escaped her apartment after her assailant heard a noise and left her bedroom to investigate.
She was naked from the waist down, reflecting her hurry, and “scared to death.” The
victim’s appearance and statements implied that she feared her attacker might still be on the
premises and that her emergency was ongoing. As recited by the Court of Criminal Appeals,
“[t]he victim was speaking to her neighbor directly after escaping an attack, and there was
no indication she expected the statements to be used in the investigation or prosecution of
her attacker.” State v. Parker, No. E2008-02541-CCA-R3-CD, 2010 WL 3706090, at *15
(Tenn. Crim. App. Sept. 22, 2010). As we recognized in Franklin, there is “a growing
consensus that statements establishing the identity of the perpetrator are nontestimonial when
made in informal settings during the immediate aftermath of a crime.” Franklin, 308 S.W.3d
at 820. Thus, we held in Franklin that the license number of the vehicle driven by the
perpetrator provided to a robbery victim by a private citizen immediately after the crime was
nontestimonial hearsay. Id. at 804, 822. See also, e.g., State v. Slater, 939 A.2d 1105, 111415 (Conn. 2008) (crying victim’s statement to two private citizens on street that “a black
male with a big knife just raped her” was not testimonial because the victim “clearly was
seeking aid” and the citizens’ response in taking the victim inside and calling the police
indicated that their primary purpose was to aid her). The same result obtains regarding the
victim’s statements to Mr. Trentham.
Hearsay statements deemed nontestimonial may properly be admitted under a
recognized exception to the hearsay rule. See Bryant,131 S. Ct. at 1155 (recognizing that,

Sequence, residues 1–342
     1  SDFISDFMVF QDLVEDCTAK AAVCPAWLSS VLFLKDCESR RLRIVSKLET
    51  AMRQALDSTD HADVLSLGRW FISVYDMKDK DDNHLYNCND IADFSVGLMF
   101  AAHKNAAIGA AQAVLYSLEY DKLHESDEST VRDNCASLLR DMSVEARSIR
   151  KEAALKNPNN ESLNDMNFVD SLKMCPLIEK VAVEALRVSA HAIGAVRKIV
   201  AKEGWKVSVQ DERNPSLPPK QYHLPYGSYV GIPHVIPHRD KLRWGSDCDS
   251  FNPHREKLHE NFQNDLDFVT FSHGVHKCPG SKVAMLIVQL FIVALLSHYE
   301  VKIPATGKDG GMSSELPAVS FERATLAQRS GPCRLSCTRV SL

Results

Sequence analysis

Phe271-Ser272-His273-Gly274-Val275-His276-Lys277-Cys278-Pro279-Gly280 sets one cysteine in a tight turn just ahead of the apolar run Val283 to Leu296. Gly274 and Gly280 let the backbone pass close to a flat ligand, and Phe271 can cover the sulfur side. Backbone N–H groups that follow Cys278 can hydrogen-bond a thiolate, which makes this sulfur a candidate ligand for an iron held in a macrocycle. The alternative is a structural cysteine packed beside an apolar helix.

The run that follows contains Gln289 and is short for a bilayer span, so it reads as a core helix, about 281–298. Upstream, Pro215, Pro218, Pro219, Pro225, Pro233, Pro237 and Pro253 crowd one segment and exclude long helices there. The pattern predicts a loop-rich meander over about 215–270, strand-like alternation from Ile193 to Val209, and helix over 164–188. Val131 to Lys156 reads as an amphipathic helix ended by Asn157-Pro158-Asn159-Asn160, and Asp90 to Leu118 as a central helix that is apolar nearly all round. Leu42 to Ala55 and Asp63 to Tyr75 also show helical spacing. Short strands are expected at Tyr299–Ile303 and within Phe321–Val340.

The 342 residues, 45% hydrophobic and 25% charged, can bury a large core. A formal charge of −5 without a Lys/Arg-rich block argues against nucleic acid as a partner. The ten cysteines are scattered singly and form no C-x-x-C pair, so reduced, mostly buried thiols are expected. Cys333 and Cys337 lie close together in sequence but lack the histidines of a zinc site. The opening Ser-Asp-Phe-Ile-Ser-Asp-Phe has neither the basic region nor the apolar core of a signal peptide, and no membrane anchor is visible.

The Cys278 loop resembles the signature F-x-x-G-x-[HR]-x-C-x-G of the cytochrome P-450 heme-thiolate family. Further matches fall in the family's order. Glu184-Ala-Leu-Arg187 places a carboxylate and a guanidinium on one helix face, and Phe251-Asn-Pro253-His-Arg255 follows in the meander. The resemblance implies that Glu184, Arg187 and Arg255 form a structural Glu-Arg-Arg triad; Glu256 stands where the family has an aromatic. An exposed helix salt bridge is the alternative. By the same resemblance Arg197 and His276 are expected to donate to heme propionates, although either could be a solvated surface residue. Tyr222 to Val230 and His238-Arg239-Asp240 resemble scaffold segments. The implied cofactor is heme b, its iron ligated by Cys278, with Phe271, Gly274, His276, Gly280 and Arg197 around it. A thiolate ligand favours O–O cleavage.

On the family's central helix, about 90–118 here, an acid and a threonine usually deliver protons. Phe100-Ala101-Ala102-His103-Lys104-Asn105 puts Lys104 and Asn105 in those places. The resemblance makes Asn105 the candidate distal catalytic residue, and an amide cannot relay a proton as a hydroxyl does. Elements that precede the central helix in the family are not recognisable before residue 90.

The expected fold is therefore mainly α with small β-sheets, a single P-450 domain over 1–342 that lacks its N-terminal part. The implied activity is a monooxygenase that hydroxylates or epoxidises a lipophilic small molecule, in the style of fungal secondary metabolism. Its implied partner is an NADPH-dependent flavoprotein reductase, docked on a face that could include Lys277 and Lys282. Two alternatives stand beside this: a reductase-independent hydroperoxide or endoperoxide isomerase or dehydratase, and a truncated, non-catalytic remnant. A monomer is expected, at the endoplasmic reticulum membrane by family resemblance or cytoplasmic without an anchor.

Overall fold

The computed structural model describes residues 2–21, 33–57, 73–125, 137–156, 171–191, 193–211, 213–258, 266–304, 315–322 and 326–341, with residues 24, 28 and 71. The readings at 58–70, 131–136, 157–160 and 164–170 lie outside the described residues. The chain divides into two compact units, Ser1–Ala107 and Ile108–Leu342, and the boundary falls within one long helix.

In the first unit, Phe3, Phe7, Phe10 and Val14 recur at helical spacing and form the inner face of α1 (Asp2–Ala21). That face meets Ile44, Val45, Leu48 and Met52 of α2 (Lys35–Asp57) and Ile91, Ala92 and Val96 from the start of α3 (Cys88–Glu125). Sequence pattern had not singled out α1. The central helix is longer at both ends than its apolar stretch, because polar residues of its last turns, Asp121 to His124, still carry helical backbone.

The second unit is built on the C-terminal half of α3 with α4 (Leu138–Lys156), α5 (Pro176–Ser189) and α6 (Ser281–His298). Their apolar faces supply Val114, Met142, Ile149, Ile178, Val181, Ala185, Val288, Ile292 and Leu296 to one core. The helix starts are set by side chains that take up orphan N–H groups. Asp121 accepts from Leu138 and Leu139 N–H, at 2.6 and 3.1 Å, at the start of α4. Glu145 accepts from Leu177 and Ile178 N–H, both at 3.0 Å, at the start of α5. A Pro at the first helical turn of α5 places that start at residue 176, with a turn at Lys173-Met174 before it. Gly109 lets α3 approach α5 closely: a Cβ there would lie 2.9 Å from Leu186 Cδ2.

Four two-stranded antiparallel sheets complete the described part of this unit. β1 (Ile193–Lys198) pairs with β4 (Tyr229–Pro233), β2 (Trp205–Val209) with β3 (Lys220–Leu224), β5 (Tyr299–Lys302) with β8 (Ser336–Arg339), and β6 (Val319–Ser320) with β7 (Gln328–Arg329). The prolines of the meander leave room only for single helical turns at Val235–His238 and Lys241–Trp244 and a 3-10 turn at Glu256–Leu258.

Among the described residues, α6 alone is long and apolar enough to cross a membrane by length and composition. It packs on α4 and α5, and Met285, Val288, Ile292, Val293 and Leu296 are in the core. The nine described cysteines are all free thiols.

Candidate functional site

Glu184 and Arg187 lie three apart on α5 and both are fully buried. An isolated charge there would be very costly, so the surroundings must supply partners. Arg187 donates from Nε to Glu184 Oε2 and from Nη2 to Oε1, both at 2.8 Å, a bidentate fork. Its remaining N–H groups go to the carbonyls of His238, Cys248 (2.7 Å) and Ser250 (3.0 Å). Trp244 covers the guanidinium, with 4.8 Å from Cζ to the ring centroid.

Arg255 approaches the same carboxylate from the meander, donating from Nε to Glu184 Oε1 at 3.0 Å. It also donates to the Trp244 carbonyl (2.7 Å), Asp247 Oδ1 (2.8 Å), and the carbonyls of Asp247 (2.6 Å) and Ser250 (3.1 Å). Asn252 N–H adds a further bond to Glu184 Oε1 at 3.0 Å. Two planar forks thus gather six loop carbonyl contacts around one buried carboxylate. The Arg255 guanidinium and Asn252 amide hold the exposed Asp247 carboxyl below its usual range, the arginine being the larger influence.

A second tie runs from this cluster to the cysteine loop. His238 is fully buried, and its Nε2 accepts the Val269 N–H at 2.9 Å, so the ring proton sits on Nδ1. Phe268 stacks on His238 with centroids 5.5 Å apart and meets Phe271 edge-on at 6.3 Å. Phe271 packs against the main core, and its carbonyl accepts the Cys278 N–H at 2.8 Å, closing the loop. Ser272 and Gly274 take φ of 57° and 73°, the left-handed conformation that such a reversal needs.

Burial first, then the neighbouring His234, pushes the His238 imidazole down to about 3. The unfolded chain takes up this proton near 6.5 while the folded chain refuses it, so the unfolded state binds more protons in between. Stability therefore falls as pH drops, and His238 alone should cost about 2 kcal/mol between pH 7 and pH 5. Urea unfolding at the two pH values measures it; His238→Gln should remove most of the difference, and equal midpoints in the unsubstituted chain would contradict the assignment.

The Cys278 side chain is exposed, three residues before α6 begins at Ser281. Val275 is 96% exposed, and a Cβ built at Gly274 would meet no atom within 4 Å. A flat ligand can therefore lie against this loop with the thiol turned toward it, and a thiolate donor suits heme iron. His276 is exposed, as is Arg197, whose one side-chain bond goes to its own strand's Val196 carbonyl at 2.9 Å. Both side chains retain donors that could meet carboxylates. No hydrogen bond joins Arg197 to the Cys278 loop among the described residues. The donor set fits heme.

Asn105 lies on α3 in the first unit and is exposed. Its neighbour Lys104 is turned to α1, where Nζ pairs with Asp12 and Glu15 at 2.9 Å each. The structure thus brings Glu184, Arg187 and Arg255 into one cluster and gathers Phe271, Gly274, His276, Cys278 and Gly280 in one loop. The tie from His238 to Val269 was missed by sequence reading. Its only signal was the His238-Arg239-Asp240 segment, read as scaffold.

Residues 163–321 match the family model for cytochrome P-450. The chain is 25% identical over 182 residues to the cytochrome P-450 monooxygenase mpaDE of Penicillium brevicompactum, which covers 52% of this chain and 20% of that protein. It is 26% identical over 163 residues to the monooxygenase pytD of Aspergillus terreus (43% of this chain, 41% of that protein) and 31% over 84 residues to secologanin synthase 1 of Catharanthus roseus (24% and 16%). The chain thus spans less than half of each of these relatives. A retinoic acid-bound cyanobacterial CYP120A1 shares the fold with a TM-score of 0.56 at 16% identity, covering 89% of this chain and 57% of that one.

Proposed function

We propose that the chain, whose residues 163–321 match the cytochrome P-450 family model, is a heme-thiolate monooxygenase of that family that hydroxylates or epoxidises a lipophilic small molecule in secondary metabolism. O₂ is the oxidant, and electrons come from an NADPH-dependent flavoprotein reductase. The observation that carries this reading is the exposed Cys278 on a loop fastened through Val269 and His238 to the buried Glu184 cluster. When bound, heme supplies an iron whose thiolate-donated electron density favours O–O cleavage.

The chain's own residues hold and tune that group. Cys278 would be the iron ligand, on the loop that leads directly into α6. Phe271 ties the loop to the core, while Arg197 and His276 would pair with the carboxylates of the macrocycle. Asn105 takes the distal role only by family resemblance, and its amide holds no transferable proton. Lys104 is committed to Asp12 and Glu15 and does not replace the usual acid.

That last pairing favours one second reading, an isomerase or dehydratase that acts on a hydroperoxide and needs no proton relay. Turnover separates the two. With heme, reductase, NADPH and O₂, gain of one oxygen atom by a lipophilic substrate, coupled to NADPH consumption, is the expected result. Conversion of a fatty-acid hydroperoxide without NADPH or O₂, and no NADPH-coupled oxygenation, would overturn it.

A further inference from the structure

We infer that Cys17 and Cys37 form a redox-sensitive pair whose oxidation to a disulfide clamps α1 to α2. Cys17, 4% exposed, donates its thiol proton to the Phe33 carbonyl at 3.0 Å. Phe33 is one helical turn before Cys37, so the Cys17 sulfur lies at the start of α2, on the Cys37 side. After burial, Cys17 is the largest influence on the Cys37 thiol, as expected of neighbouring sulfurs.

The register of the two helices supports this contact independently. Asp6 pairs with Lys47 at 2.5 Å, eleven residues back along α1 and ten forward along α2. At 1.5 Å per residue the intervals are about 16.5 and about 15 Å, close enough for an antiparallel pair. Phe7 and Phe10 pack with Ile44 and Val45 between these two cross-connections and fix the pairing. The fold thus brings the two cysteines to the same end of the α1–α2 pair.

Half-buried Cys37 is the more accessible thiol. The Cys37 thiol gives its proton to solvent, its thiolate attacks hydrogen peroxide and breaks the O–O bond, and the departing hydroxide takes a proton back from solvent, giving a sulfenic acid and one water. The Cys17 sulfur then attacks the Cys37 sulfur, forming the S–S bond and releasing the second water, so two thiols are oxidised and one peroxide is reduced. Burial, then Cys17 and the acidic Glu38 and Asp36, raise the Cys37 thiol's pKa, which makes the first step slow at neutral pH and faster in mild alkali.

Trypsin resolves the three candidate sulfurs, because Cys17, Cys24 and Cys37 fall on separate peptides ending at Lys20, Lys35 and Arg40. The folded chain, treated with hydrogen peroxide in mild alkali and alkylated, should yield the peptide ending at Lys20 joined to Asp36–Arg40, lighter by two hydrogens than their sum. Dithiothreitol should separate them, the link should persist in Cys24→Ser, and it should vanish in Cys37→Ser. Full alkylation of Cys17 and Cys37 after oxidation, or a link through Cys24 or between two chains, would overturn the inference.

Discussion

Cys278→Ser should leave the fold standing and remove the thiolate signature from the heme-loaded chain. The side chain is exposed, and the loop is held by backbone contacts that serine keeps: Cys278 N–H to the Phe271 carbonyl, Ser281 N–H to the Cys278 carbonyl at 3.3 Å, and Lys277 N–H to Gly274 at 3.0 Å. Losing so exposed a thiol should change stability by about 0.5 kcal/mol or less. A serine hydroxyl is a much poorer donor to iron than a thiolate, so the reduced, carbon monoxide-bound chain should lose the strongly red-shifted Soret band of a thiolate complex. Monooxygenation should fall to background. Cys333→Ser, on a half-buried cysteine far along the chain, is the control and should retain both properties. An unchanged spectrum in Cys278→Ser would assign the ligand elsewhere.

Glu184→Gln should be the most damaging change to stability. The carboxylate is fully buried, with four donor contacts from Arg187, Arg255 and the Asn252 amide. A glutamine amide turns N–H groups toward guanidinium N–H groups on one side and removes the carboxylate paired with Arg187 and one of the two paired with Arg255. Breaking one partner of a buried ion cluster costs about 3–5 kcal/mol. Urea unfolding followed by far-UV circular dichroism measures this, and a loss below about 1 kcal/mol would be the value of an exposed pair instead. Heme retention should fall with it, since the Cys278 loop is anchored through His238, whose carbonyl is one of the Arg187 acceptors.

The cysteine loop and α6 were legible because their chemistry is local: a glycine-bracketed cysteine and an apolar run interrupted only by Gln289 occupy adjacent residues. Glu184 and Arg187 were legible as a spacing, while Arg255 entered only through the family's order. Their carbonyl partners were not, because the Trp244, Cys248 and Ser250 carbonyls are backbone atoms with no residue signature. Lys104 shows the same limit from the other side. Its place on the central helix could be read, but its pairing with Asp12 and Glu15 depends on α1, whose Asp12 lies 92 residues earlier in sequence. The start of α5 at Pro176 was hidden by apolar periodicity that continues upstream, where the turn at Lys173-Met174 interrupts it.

where the primary purpose of an interrogation renders the resulting declarations
nontestimonial, “the admissibility of a statement is the concern of state and federal rules of
evidence, not the Confrontation Clause”). In pretrial proceedings, the defense conceded that
the victim’s statements to Mr. Trentham fell within the hearsay exception for excited
utterances. See Tenn. R. Evid. 803(2).8 As did the Court of Criminal Appeals, we agree and
hold that the trial court committed no error in admitting Mr. Trentham’s testimony about the
victim’s statements to him.
B. Victim’s Statements to Ms. Ellison
Ms. Ellison was the emergency medical technician who arrived on the scene in
response to the 911 call. Ms. Lackey told Ms. Ellison what her assailant had done, and she
also identified the hat found on her bed as her attacker’s. The trial court ruled that this
testimony was nontestimonial and that it was admissible as an excited utterance. Although
the defense challenged this ruling before the Court of Criminal Appeals and again before this
Court, this issue was not raised in Defendant’s motion for new trial. We agree with the
intermediate appellate court that this issue has therefore been waived. See Tenn. R. App. P.
3(e); State v. Hatcher, 310 S.W.3d 788, 808 (Tenn. 2010); State v. Keel, 882 S.W.2d 410,
416 (Tenn. Crim. App. 1994). Defendant does not argue that this allegedly erroneous ruling
by the trial court rises to the level of plain error, and we decline to address it as such.
An “excited utterance” not excluded by the hearsay rule is “[a] statement relating to a startling
event or condition made while the declarant was under the stress of excitement caused by the event or
condition.” Tenn. R. Evid. 803(2).
C. Victim’s Statements to Ms. Cogdill